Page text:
In one painful move, Dixon's season goes from magic to tragic.
TUCSON, Ariz. - Where were you when it ended? When a national title shot, and a Heisman campaign, too, crumpled with Dennis Dixon to the turf?
Dennis Dixon Sr. was on the first row of the old stadium, about the 10-yard line.
He was wearing his son's No. 10, and watching his son's Heisman moment unfold. And at 7:26 p.m. Mountain time, he saw his son's knee buckle, again.
"It just stuck in the turf," Dennis Jr. would tell his dad a few moments later.
More than six minutes remained in the first quarter. Oregon led 8-7. But the Ducks were done. Dixon's left knee was unstable, Mike Bellotti said. Further tests are needed, but it doesn't look good, not at all.
"I feel bad for Dennis, because this year was one of those magical years," Bellotti said. "And it looks like it might be at an end."
And also: "Playing for the national championship was fun while it lasted."
Everyone understood these two things were inextricably linked.
Before the game, Arizona coach Mike Stoops was standing on the sidelines, talking about how hard it is to build a program. "There's just so many moving parts," he said. "People just don't understand."
Shifting gears, he talked about how good Oregon was, how all the moving parts of Chip Kelly's offense were so tough to defend. And how the biggest difference between the Ducks this year and last was: "No question, Dennis Dixon."
A few minutes later and a few yards away, an Arizona assistant was saying that ever since Dixon twisted that knee against Arizona State, they'd been wondering if Dixon was hurt more than the Ducks were letting on.
The answer came on Oregon's first possession, on fourth-and-three, when Dixon executed one of those spectacular fakes. The crowd went nuts when a defensive end tackled Jonathan Stewart, who did not have the ball. Dixon scooted 39 yards untouched for a touchdown.
He did not look injured, not at all.
Next time up, Dixon led the Ducks downfield again. And after a sure touchdown pass popped off Derrick Jones' pads and right to a Wildcat, who raced to midfield and set up a touchdown, Dixon moved the Ducks right back down the field.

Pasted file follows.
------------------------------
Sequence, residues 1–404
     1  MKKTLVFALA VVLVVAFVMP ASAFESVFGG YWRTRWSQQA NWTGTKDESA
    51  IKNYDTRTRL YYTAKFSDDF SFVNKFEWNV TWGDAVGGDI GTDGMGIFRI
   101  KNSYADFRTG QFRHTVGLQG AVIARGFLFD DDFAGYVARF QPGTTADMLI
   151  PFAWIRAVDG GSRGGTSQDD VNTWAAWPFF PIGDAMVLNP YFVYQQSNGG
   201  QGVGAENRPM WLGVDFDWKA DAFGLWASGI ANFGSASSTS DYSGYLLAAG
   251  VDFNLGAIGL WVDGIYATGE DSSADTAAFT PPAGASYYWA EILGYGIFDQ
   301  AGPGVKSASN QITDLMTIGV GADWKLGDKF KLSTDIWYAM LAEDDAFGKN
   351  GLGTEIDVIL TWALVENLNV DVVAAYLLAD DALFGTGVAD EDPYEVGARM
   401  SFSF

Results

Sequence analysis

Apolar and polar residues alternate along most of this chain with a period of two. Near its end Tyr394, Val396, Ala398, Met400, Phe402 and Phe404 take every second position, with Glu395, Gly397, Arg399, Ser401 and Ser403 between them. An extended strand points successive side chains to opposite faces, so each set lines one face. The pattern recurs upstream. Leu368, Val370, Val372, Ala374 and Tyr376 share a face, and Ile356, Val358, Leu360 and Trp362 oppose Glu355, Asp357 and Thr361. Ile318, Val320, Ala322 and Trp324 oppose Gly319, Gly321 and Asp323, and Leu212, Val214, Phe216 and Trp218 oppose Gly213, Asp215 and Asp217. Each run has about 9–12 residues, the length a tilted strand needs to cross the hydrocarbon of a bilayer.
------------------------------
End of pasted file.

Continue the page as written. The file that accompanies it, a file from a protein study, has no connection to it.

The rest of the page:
He was unfazed. He was in control. And you could see Oregon was going to win this one going away. The Heisman? The national title? Well, sure. They were sitting out there for Dixon and the Ducks.
But then Dixon looked to pass, was pressured, tried to escape - and melted to the ground, holding his left knee.
Even as this season edged toward special, it always verged on snakebit. Brian Paysinger, and Jeremiah Johnson, and A.J. Tuitele, and Cameron Colvin, and John Bacon. Each time, the Ducks plugged in new guys and kept on playing. Kept on winning.
Thursday night in the desert, the biggest bite was too much. When Oregon's most important part stopped moving, the Ducks did, too.
When his son went down, Dennis Dixon Sr. got up from his seat on the front row and made his way to the sidelines. Twelve days earlier, he had made the same trip and gotten the same word from his son: I'm OK.
And after the game, Dennis Jr. was still holding out hope, saying he thought he might have just aggravated the sprain, and he'd try to play next week.
"It's all about rehabbing," he said. "That's all it is."
Except, that's almost certainly not all it is. As Dixon stood on the sideline, fighting back tears, his father leaned close, hugged him, talked quietly to him.
"He was upset," Dennis Sr. said late in the first half, as he followed his son toward the locker room. "Yeah. Yeah. He was very upset."
Dennis Sr. took a couple more steps, and sighed: "Oh, man."
Dennis Jr. came back out for the second half wearing black warm-ups with a matching black-and-yellow ski cap - ear flaps turned jauntily up to reveal gleaming earrings. He worked the sidelines, smiling and clapping and encouraging his teammates, and whispering words of instruction to backup Brady Leaf.
But Dixon wasn't the only injured Duck. Aaron Pflugrad spent the second half with his left leg in a boot. More important, after injuring his left ankle in the third quarter, Leaf was only slightly more mobile than Dixon. At one point, redshirt freshman Justin Roper was warming up, and an Arizona fan yelled, "We're running out of stretchers!"
Anyway, Leaf hobbled and hopped and struggled just to hand off the ball and to complete short passes. And although the Ducks somehow rallied from a 31-11 deficit to within a touchdown, the spare parts didn't move well enough.
In the final seconds, as Dixon waited to do an interview with ESPN, Dennis Sr. pulled him close one more time.
"You don't have to do this thing if you don't want to," father told son. "You don't need to."
Dixon gently shrugged him off. Answered the questions. And then walked gingerly away.
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|Title Annotation:||Sports Columnist|
|Publication:||The Register-Guard (Eugene, OR)|
|Date:||Nov 16, 2007|
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